Music—and food—took him first to New York City: the mecca, according to Volpe, of his two biggest passions. While there, he would work in as many high-end kitchens and upscale restaurants as he could. At night, he’d hit the jazz club circuit and soak up the sounds.

“The sun would come back up in the morning and I’d do it all over again,” Volpe says with a laugh. “And, of course, at 18 years old, that’s the time to do that.”

He would live in New York City for a couple years.  After his son, London Stewart, was born in 2001, Volpe moved back to Florida. Following a brief sojourn in Tampa, he returned to Ocala.

Volpe admits to living with his decision to drop out of high school rather well over the next 20 years.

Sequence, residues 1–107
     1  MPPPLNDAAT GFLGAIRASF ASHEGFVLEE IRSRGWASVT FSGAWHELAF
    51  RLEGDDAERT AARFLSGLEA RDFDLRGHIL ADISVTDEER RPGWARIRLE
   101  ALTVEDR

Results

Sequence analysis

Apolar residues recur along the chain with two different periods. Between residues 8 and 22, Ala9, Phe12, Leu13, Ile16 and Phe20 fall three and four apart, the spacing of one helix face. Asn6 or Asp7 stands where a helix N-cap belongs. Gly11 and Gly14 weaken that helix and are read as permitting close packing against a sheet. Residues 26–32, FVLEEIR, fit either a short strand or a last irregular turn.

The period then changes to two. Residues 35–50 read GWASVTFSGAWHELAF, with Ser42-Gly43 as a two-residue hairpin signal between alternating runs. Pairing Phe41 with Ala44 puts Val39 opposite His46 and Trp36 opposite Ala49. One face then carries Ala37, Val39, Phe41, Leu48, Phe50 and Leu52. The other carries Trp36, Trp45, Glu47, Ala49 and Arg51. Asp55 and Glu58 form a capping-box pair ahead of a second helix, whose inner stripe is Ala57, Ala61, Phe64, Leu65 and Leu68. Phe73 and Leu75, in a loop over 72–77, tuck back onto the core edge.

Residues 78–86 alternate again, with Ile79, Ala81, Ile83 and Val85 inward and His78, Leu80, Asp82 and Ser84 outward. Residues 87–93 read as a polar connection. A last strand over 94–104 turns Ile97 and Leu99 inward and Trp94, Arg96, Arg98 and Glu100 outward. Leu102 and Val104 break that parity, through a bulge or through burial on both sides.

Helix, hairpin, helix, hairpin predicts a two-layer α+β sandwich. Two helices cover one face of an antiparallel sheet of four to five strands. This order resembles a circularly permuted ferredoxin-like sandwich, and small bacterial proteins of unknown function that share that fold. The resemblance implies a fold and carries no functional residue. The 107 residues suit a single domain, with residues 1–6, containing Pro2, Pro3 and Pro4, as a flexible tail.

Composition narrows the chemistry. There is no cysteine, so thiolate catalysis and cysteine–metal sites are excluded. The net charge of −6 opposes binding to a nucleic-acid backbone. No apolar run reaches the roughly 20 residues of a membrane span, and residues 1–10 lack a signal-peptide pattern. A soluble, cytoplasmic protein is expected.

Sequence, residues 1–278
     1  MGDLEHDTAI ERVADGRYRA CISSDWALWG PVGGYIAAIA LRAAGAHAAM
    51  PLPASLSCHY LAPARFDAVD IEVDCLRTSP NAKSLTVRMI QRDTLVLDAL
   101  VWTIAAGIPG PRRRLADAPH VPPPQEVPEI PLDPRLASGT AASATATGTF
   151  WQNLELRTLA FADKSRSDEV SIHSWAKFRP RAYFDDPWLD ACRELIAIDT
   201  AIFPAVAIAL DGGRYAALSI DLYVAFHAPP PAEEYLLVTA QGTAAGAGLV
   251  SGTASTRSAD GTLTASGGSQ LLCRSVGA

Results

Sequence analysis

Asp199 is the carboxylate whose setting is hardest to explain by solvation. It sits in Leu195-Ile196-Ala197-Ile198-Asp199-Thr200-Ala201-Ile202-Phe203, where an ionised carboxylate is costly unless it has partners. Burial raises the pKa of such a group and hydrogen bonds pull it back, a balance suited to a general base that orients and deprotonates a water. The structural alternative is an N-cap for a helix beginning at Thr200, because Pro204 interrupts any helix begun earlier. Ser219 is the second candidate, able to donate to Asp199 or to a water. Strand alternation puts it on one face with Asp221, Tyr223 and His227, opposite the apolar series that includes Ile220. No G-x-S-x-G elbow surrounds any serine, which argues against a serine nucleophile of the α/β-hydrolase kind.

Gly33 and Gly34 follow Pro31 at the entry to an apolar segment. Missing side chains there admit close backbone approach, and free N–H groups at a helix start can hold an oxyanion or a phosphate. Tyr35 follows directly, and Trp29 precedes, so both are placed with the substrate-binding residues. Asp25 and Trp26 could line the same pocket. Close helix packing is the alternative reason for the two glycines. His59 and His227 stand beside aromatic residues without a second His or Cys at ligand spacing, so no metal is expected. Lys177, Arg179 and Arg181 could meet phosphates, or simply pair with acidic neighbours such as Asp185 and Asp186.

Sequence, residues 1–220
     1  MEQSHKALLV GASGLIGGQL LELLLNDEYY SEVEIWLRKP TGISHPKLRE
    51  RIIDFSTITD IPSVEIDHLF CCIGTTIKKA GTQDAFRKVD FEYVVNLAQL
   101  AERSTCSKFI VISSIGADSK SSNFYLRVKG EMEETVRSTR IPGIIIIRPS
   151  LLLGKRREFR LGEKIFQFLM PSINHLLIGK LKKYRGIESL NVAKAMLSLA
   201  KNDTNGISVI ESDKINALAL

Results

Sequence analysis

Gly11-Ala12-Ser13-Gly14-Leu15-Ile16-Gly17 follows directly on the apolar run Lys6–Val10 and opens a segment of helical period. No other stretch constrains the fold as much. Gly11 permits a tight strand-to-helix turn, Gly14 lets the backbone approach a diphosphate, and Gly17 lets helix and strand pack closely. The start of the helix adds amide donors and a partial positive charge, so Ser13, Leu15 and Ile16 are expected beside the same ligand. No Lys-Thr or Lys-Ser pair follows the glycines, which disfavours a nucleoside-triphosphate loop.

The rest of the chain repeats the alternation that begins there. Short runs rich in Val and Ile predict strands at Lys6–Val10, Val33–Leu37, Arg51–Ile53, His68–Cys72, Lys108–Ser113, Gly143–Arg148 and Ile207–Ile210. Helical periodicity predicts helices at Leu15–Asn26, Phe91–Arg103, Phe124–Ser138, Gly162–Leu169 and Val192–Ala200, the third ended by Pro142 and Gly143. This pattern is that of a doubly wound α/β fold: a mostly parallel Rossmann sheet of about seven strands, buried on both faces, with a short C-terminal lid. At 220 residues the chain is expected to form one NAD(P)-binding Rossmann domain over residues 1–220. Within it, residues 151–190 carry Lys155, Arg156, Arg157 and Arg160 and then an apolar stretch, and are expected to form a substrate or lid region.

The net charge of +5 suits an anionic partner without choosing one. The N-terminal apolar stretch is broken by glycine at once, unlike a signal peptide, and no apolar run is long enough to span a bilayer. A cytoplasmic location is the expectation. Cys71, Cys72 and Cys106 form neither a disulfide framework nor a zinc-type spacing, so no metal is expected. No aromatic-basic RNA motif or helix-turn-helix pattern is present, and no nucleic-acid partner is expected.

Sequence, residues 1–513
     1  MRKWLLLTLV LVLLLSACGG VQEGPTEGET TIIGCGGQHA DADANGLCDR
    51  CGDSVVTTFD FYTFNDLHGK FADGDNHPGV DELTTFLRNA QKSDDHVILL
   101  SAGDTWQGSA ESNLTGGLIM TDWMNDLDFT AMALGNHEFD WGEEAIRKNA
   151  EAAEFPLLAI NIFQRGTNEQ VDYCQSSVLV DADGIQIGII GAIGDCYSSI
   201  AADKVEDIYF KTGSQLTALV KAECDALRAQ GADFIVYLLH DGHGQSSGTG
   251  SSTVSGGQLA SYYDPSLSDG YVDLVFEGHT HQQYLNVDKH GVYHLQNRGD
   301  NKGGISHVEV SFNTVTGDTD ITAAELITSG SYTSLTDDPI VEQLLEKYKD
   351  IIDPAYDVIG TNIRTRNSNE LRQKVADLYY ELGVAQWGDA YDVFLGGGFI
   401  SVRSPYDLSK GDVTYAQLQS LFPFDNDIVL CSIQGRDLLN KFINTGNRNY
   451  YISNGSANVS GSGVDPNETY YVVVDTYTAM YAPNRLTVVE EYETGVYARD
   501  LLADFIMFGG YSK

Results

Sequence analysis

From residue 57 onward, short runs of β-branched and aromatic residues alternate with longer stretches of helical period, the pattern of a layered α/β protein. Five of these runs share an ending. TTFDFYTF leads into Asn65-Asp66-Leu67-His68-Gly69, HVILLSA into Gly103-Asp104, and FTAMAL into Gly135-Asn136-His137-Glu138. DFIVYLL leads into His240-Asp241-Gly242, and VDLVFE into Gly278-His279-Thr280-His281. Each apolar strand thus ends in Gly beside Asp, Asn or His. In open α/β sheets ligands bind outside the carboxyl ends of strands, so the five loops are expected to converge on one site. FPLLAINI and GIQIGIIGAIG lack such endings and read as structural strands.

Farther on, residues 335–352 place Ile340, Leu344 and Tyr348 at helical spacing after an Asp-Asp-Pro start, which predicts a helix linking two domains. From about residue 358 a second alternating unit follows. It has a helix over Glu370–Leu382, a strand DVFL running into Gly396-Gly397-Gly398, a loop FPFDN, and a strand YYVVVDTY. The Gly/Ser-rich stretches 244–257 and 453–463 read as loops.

It was a slight weight on his back, he also admits, but nothing too heavy. It never stopped him from living his life the way he wanted to, the way he always had.

“I’d never really ran up to a situation where I needed a diploma or a GED certificate, for whatever reason,” Volpe explains, “but I knew that I should have gotten it.”

Volpe’s lack of a diploma became relevant in his life when his son, then a sophomore at Forest High School, found himself in similar scholastic waters as his dad some 20 years before.

“I saw a lot of repetition in school,” says Stewart about his life in 2019. “A lot of things didn’t really seem to matter to me or weren’t made to feel important in a way that I understood.”

He was barely getting by with low Cs and an even lower GPA. He says he could see no light at the end of his high school tunnel.